James T. Husted owned two boats in New York Harbor which were used to carry water from the Croton Waterworks to supply departing ships. He was a shareholder in the Croton Waterworks which supplied water to New York City. Mr. Husted hosted Boss Tweed of Tammany fame. Kate Husted was a supporter of the New Canaan Library which was then known as “the reading room.” She died on April 28, 1883. James Husted died in 1897.

James and Kate Husted had three daughters, one of whom was Annie.  Her son was the Right Reverend Stephen E. Keeler D.D. Bishop of Minnesota, who played in the house as a child.  He remembered “a house of several levels, with unusual passages and stairways, all of which were very fascinating to a  young boy.”  

The property was not sold by his estate until 1904 when it was purchased by Charles W. Hodge for $1. Mr. Hodge sold it for the same price two years later to Mary J. Lent of Mount Kisco, New York. Ms. Lent left the property to her husband, Edward N. Lent, and her sons, Edward N. Lent and Henry P. Lent. In May 1919 the property was sold to Benjamin P. Vanderhoof and Elizabeth Mason Vanderhoof. The Vanderhoofs’ deed states that the property was bound on the North side by Mead Memorial Park, which would be an early reference to the park. Ms.Vanderhoof’s sister, Maud, lived with them until the Vanderhoofs deeded a small portion of the property to her. Ms. Maud Mason was a painter and a ceramist and had a small studio on her property. The Vanderhoofs sold the property for $14,000 (with a covenant regarding the ditch) to John A. Clark. Mr. Clark sold the property on March 4, 1929 to Charles H. and Mary (Gertrude)  Welling.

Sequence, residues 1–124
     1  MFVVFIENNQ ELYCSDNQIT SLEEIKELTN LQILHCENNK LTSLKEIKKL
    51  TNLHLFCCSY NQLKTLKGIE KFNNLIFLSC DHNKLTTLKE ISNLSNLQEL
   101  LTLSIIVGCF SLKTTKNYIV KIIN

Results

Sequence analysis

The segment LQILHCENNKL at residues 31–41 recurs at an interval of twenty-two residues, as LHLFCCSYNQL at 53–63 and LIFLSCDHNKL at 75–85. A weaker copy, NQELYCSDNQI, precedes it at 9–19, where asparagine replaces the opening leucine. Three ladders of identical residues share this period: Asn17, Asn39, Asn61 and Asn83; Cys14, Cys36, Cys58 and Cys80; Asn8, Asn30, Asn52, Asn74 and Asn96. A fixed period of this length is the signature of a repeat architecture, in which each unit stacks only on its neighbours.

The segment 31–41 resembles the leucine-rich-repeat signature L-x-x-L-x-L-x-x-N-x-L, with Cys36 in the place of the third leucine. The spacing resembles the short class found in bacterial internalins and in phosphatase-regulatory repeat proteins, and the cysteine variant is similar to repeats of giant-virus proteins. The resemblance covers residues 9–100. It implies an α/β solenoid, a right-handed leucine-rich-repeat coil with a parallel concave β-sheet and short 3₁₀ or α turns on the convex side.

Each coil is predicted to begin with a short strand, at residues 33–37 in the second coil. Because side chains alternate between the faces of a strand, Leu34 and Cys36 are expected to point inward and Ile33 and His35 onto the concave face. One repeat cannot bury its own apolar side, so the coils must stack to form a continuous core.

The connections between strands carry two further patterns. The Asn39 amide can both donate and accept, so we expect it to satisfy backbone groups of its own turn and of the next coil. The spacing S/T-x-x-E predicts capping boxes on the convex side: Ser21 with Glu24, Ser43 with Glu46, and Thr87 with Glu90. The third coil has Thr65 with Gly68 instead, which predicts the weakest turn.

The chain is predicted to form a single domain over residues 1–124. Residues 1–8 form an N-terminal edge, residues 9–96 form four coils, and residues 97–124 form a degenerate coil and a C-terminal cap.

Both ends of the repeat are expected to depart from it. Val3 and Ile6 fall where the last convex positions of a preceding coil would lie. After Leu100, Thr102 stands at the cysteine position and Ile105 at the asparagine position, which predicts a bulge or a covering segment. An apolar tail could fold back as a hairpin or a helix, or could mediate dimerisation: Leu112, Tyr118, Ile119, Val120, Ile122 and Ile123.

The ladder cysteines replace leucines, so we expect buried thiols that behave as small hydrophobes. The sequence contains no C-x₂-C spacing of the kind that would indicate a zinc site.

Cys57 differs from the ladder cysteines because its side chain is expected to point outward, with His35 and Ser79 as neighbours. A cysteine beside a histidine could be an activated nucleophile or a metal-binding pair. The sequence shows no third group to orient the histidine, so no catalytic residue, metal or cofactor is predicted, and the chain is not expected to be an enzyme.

The Wellings lived in the house for 17 years. Mary referred to the house as “the fun house.” The Wellings built a new home on the property on the site of what was the guest house. The Wellings were a military family  and their sons, Charles H. and Lambert both served in the navy. Charles H. Sr. served in active military duty at the Mexican Border Campaign and in World War I as a field artillery captain, and was a specialist in the development and marketing of new industrial products.  

Photo of Skywatch Tower, courtesy of the New Canaan Museum & Historical Society

Mary Welling had an interesting role in town – she was recognized by the Kiwanis Club on July 30, 1955 as the leader of the Ground Observer Corps for her “unselfish contributions” to the organization and the manning of the Skywatch Tower. The Skywatch Tower was on Lone Tree Road and was moved to the Welling property (at their expense) after the tower was no longer operational. Mary and Charles both died in 1979.

The Wellings sold the Husted home to Annie S. Gilbert on July 2, 1946 and the Gilberts sold the property on September 2, 1950 to Richard F. and Mary Baum. The property was then sold to Homer Bernier on December 10, 1982. A builder, Mr. Bernier served as the chair of the Parking Commission for many years, was a member of the Rotary Club, and a member of the building committee for the new police station. 

The Husted Welling house was torn down to make way for condominiums in the 1980s. Mr. Bernier died at the age of 65 and a tree was planted on Elm Street in 1991 in his memory.

One thought on “New Canaan Now & Then: The Husted Welling House

  1. Fascinating that the Vanderhoof’s also lived at the Husted property next to Mead Park. Two interesting points here. Mrs Vanderhoof was President of the Bird Protective Society in the mid-1930’s and thereby responsible for the nearby Bird Sanctuary now known as Bristow Park. The other interesting point is the national accomplishments of her sister Maud Mason, whose painting and ceramic art is still marketed today as evident in and